Care and Feeding of a Club

Discussion in 'Club Corner' started by RoninX, May 13, 2010.

  1. RoninX

    RoninX Rookie

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    I am curious about the steps that clubs (in particular smaller clubs) take to increase their vitality, and appeal.

    Certainly coaching, services, equipment and facilities go a long way, but not all clubs have the resources to expend on big ticket items (like, salary :mutant:).

    One not-for-profit club (they operate out of a community center) that I have been associated with (on and off) over the last several years recently decided to put aside some money to help subsidize the costs of having certain members attend local ref clinics based on the understanding that those members will seek to attain (or increase) their certifications. The concept being that improved reffing will help raise the performance ceiling for club members. Having more rated refs within the club should also help expand the local footprint and visibility of the club. To me this seems like a pretty high value play for the club, though obviously results are still pending.
     
  2. Pinky-N-T-Brain

    Pinky-N-T-Brain Rookie

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    There are elements of a good idea here - subsidizing clinic costs to help raise the performance ceiling - however which clinic would depend on the club. I've been in one club where a group of us, the ones who predominantly taught the beginner/introduction to fencing class, went to a coaching clinic. We then proceeded to join forces and re-write our beginner syllabus and training goals based on some of the lessons learned. Seems more band for the buck there.

    My first reaction to ref clinics would have been a *huh?* as well, but I'm not familiar with the club - if they had been told in the past that fencers weren't participating in their tournaments specifically due to ref issues, and tournaments was their #1 fundraiser, then that was a good investment.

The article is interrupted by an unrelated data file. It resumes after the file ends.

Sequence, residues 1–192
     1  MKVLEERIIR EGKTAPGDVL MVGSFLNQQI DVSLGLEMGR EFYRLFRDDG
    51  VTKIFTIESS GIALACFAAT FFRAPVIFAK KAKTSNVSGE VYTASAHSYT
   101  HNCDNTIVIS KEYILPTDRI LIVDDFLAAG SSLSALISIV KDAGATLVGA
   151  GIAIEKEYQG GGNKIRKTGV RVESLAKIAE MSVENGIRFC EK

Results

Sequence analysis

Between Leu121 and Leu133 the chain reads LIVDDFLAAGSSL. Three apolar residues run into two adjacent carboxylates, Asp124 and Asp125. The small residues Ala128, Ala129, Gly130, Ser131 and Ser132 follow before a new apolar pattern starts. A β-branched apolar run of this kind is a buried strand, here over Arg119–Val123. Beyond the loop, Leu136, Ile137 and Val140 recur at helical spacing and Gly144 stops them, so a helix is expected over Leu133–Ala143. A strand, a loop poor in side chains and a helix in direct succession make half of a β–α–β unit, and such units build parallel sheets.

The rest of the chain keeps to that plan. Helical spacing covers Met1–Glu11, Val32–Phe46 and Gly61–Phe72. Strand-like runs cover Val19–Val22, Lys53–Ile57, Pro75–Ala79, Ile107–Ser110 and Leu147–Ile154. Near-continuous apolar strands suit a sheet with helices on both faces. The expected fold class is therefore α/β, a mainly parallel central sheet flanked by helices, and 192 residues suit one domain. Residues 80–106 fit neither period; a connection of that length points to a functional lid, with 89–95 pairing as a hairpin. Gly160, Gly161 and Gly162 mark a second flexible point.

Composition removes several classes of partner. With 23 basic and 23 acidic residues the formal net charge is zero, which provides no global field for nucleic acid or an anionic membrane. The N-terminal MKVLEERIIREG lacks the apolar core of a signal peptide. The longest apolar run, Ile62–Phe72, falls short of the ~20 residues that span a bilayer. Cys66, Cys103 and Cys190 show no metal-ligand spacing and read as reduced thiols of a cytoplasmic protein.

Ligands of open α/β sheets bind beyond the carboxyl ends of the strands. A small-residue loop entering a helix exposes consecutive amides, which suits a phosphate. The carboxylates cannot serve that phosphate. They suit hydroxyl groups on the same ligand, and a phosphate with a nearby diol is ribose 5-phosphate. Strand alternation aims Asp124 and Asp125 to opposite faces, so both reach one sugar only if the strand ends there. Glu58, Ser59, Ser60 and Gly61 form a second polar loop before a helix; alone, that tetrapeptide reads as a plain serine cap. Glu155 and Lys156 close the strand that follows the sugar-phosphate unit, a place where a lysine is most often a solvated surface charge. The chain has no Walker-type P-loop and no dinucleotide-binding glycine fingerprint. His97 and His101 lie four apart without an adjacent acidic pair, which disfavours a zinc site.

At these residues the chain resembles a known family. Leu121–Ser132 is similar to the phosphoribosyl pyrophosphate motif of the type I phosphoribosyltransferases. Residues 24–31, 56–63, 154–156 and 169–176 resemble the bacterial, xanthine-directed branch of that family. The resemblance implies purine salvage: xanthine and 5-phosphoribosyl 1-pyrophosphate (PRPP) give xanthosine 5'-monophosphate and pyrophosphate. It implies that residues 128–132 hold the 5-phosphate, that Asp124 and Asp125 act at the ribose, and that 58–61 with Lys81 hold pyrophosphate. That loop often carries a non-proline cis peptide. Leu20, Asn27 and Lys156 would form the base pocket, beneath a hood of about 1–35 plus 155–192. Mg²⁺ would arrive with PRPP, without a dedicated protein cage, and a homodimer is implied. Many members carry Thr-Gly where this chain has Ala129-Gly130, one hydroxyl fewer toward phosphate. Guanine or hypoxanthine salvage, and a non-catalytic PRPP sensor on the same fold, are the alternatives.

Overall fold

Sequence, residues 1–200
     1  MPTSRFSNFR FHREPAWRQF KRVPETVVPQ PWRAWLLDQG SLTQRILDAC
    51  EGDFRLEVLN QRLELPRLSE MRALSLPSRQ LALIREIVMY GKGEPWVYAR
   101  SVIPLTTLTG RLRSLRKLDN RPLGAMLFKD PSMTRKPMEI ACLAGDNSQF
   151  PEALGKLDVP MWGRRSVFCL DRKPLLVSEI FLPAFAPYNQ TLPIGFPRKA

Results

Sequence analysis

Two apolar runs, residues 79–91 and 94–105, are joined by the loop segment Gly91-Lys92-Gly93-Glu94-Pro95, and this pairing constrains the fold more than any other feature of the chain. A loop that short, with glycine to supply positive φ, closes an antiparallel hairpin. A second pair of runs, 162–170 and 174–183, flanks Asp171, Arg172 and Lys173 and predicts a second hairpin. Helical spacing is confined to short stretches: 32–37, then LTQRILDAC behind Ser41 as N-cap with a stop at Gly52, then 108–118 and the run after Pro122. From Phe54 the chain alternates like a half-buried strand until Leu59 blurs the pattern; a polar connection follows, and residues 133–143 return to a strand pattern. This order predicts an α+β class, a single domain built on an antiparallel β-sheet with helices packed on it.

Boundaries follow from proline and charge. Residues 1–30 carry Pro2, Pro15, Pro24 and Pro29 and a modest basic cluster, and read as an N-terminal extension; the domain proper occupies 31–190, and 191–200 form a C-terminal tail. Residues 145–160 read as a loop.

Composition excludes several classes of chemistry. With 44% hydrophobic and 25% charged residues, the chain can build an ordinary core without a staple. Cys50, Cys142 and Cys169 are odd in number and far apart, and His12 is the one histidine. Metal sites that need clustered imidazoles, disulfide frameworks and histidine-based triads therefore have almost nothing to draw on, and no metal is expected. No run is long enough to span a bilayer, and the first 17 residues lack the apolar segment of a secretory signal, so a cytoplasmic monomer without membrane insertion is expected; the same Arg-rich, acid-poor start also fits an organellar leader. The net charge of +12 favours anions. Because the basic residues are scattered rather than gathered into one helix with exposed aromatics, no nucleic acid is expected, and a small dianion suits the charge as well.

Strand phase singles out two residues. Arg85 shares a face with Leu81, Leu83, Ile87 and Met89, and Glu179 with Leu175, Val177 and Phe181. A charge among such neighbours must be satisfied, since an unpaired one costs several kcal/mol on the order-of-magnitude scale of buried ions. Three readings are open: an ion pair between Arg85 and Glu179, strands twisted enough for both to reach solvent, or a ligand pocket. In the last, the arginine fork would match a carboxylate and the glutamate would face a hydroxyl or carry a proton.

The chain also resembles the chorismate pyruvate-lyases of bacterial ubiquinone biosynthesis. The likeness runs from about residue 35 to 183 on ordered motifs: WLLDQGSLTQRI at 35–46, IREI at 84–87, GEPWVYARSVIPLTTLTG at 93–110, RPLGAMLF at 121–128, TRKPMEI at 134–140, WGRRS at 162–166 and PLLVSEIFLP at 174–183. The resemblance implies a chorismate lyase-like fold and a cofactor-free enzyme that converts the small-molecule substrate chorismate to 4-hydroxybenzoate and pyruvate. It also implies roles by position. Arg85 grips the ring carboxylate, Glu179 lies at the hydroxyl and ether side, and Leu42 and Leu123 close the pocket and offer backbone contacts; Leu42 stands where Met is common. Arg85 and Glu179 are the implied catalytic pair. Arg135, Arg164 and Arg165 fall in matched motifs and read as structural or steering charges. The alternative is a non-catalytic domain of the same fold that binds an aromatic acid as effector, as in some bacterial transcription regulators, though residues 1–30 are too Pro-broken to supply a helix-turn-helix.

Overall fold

In order to comment on 'vitality' and 'appeal', those words need definition. Are you looking at increasing membership for beginner classes? attracting experienced fencers? increasing retention from beginner classes? Increasing the number of competitors at events? Or just name recognition and respect for the club among your division.
     
  3. Allen Evans

    Allen Evans Podium

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    Small clubs, are -- by their nature -- fairly tenuous affairs, simply because they don't have the resources to control their own environment. Often a small club exists because of a unique relationship with a facility (or coach) and when that relationship changes, the club can suddenly find itself in serious trouble.

    Increasing the knowlege of individuals in the club is not a bad idea, but doesn't really protect the club against the whims of outside forces. Sometimes the only way to ensure the health of a small club is to turn it into a bigger club.

    A
     
  4. RoninX

    RoninX Rookie

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    For a little more background. This club has been continuously operating for 30 years now, so they are meeting a need. They have also successfully made at least one major transfer of leadership.